Syria: We must prevent at all costs a resumption of hostilities in the north-east [fr]
Statement by Mr. Nicolas de Rivière, Permanent Representative of France to the United Nations
Security Council - 22 November 2019
I thank Mr. Geir Pedersen for being with us today on the eve of the second meeting of the Constitutional Committee in Geneva, as well as Ms. Al Hallak for her intervention.
There is an urgent need to silence the guns everywhere in Syria in order to create the conditions conducive to a political settlement. We must prevent at all costs a resumption of hostilities in the north-east that would be disastrous on the humanitarian level and would only benefit Da’esh, to the detriment of our collective security. Our priority is therefore to remain united in the fight against Da’esh and to preserve the hard-won progress made by the Coalition. Da’esh continues to pose a major threat. It retains significant action capabilities, as evidenced by the resurgence of asymmetric attacks on the ground. France is pleased that the members of the International Coalition against Da’esh have reaffirmed their determination to pursuing their engagement in Syria and Iraq, including by maintaining a military presence in the north-east. France will continue to assume all its responsibilities against Da’esh.
The sharp deterioration of the situation in the north-west since late October is another source of concern. France condemns the ongoing indiscriminate strikes by the regime and its allies in Idlib, in violation of international humanitarian law. In particular, I condemn the strike of 20 November against a camp for internally displaced persons near the Turkish border, as well as those against medical facilities, some of which are supported by the European Union and France.
The fight against terrorism is a priority for my country, but it cannot be waged at the expense of respect for international humanitarian law. The protection of civilians, including humanitarian and medical personnel, and civilian infrastructure is an obligation on all. We also condemn the repression of peaceful civilian demonstrations by the Hayat Tahrir Al-Sham group. In this context, it is necessary to reaffirm the full and complete restoration of the ceasefire on Idlib in order to join forces against the terrorist groups listed by the United Nations.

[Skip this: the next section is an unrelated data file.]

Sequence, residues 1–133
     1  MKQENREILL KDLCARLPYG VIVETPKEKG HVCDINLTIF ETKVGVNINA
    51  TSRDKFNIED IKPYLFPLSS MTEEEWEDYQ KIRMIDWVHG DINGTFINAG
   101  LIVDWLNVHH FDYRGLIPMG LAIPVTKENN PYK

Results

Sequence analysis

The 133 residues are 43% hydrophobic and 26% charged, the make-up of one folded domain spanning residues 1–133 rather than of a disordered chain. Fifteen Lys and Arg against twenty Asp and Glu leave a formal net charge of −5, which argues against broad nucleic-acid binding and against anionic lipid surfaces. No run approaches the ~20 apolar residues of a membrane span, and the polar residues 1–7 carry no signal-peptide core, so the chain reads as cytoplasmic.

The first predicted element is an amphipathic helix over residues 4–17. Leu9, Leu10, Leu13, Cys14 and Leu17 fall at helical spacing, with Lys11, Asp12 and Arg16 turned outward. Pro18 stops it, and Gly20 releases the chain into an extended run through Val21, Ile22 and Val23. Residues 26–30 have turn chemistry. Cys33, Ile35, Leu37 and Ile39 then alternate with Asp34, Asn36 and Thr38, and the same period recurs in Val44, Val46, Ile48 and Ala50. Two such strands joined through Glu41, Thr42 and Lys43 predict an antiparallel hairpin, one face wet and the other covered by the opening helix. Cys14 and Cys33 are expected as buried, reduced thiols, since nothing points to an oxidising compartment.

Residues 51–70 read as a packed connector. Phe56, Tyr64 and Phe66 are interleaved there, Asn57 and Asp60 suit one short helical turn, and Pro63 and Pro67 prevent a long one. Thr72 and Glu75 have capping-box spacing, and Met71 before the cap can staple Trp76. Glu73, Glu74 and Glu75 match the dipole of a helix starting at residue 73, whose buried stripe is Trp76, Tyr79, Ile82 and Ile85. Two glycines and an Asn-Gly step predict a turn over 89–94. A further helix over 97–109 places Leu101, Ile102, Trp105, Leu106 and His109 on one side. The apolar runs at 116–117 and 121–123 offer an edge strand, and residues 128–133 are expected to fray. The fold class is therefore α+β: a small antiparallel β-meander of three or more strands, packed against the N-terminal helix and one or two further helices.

I wish to reaffirm France’s full support for the efforts of the Special Envoy to reach a political settlement in accordance with resolution 2254 (2015). I congratulate him on the holding of the first meeting of the Constitutional Committee, which is a positive step. We hope that the second meeting of the drafting committee, to be held on Monday in Geneva, will bring progress towards giving Syria a new constitution. In order to move in that direction, it is important that all members of the Committee, particularly the delegation of the regime, engage in good faith in the discussions and resort to disingenuous procrastination. We will remain vigilant with regard to any manoeuvre aimed at hindering the discussions and ask the Special Envoy to report to the Council in a transparent manner.
The Constitutional Committee is not an end in itself and represents only a first step. It is necessary to make parallel progress on the implementation of all the elements of resolution 2254 (2015), as the Ministers of the small group reaffirmed on 14 November in Washington, D.C. This involves working on confidence-building measures, especially with respect to detainees. It also requires creating a safe and neutral environment for the holding of credible elections under the supervision of the United Nations, in which all Syrians, including refugees and internally displaced persons, must participate.
Without progress in that direction, the positions of France and the European Union on reconstruction and sanctions will remain unchanged. That should in no way prevent those who believe that the conditions for reconstruction have already been met, and who are eager to begin forthwith and on a large scale, from financing that reconstruction and from rebuilding that which they, to a large extent, helped to destroy. It is also an illusion to imagine that the dignified, safe and voluntary return of refugees is possible without a comprehensive agreement, including real political and security guarantees and ensuring full and unhindered United Nations access to observe and support that return on the ground.
I would like to conclude by reiterating my call to all who have influence on the regime to bring pressure to bear so that it genuinely engages in the political process. We must all do our part in order to make progress towards peace